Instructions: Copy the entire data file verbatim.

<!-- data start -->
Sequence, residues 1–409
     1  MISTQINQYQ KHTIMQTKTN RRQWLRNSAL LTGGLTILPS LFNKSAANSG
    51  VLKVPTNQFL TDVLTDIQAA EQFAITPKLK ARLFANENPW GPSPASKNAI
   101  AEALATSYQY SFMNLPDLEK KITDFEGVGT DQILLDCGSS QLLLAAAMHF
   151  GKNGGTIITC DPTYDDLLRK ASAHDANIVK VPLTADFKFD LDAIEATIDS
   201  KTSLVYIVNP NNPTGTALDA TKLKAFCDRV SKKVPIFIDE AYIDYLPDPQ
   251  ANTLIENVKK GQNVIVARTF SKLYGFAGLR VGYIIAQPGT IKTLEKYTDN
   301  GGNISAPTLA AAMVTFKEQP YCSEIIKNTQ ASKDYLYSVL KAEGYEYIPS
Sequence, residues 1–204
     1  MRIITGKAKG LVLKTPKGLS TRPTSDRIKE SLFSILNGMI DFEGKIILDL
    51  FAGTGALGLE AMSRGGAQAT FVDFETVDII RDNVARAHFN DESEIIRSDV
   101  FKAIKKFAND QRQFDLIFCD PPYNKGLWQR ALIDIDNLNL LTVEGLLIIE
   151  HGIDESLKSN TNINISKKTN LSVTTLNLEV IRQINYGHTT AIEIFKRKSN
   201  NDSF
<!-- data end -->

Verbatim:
Sequence, residues 1–409
     1  MISTQINQYQ KHTIMQTKTN RRQWLRNSAL LTGGLTILPS LFNKSAANSG
    51  VLKVPTNQFL TDVLTDIQAA EQFAITPKLK ARLFANENPW GPSPASKNAI
   101  AEALATSYQY SFMNLPDLEK KITDFEGVGT DQILLDCGSS QLLLAAAMHF
   151  GKNGGTIITC DPTYDDLLRK ASAHDANIVK VPLTADFKFD LDAIEATIDS
   201  KTSLVYIVNP NNPTGTALDA TKLKAFCDRV SKKVPIFIDE AYIDYLPDPQ
   251  ANTLIENVKK GQNVIVARTF SKLYGFAGLR VGYIIAQPGT IKTLEKYTDN
   301  GGNISAPTLA AAMVTFKEQP YCSEIIKNTQ ASKDYLYSVL KAEGYEYIPS
Sequence, residues 1–204
     1  MRIITGKAKG LVLKTPKGLS TRPTSDRIKE SLFSILNGMI DFEGKIILDL
    51  FAGTGALGLE AMSRGGAQAT FVDFETVDII RDNVARAHFN DESEIIRSDV
   101  FKAIKKFAND QRQFDLIFCD PPYNKGLWQR ALIDIDNLNL LTVEGLLIIE
   151  HGIDESLKSN TNINISKKTN LSVTTLNLEV IRQINYGHTT AIEIFKRKSN
   201  NDSF